Mammalogy: Adaptation, Diversity, Ecology, Edition 4

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Reflecting the expertise and perspective of five leading mammalogists, the fourth edition of Mammalogy: Adaptation, Diversity, Ecology significantly updates taxonomy, includes a new chapter on mammalian molecular phylogenetics, and highlights several recently described species.

There are close to 5,500 species in the class Mammalia, including the blue whale—the largest animal that has ever lived—and the pygmy shrew, which weighs little more than a penny. The functional diversity of mammals has allowed them to play critical roles in every ecosystem, whether marine, freshwater, alpine, tundra, forest, or desert.

Many mammal species are critically endangered and present complex conservation and management challenges. This book touches on those challenges, which are often precipitated by overharvesting and habitat loss, as well as emerging threats, such as the impact of wind turbines and white nose syndrome on bats and chronic wasting disease on deer.

Among the updates and additions to the fourth edition of Mammalogy are numerous new photos, figures, and cladograms, over 4,200 references, as well as

• A completely new chapter on mammalian phylogeny and genomics
• Current taxonomy—including major changes to orders, suborders, and superfamilies of bats and rodents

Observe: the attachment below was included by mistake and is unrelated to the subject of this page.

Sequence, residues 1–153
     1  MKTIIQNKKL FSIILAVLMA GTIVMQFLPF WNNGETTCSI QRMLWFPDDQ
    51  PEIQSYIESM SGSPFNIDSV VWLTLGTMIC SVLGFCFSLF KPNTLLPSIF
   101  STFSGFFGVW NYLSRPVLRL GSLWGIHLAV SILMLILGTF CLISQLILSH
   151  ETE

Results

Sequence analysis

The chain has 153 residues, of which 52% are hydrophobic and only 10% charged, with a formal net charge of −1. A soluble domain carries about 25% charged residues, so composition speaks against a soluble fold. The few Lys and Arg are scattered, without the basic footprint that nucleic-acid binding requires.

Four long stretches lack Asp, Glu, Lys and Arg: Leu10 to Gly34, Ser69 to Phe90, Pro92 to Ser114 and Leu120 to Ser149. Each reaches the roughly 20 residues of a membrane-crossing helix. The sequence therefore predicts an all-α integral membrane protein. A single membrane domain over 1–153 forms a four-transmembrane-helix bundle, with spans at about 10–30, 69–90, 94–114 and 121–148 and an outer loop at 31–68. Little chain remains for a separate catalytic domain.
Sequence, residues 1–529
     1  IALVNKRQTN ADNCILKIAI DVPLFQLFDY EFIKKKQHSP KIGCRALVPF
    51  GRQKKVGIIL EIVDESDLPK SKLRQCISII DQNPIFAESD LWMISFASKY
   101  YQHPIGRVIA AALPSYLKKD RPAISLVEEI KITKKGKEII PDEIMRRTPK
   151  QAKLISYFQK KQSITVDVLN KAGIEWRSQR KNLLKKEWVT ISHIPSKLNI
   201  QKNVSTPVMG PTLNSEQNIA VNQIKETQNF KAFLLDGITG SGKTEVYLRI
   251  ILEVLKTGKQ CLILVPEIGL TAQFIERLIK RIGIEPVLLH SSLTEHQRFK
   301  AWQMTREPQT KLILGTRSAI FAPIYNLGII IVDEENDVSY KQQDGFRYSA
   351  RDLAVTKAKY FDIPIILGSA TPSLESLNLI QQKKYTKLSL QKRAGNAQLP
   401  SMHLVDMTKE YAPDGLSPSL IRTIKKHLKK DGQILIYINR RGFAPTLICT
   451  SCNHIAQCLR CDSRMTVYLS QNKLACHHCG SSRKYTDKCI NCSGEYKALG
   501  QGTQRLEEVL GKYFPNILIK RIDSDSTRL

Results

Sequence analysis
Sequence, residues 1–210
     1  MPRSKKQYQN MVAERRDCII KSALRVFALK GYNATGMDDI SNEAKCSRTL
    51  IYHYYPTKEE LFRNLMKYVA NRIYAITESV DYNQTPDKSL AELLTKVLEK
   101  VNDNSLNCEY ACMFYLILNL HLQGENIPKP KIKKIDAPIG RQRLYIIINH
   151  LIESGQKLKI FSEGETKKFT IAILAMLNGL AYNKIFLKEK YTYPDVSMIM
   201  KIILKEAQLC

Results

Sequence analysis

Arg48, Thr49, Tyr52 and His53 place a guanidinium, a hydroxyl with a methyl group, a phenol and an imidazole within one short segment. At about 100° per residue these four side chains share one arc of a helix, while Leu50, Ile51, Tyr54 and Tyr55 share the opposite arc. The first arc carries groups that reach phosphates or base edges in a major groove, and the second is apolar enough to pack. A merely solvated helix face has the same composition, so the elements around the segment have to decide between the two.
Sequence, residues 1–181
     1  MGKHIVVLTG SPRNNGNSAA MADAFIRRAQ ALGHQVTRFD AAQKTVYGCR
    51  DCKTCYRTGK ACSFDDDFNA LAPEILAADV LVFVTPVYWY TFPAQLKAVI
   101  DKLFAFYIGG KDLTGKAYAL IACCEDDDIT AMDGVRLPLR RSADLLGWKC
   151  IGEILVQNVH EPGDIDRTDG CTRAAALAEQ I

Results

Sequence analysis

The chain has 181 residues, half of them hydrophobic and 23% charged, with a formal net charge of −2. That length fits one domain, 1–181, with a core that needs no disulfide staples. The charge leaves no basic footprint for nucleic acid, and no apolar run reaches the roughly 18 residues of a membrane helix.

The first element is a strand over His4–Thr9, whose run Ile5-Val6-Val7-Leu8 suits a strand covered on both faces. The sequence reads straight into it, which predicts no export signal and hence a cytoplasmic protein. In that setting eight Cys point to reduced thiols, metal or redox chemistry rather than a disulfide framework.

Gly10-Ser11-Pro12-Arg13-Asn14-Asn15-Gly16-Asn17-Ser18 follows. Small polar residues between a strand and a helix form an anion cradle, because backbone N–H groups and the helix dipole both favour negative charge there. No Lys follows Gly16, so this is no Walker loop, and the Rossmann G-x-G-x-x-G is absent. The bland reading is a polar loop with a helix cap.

• An explanation of the recent inclusion of whales with terrestrial even-toed ungulates
• Updates on mammalian structural, functional adaptations, and fossil history
• recent advances in our understanding of phylogeny, biogeography, social behavior, and ecology
• A discussion of two new orders and thirteen newly recognized extant families
• Reflections on the implications of climate change for mammals
• Thorough examinations of several recently described species, including Durrell’s vontsira (Salanoia durrelli) and the Laotian rock rat (Laonastes aenigmamus)
• An explanation of mammalian biomechanics, such as that seen in lunge feeding of baleen whales
• Breakout boxes on unique aspects of mammals, including the syntax of bat songs, singing mice, and why there are no green mammals (unless we count algae-covered sloths)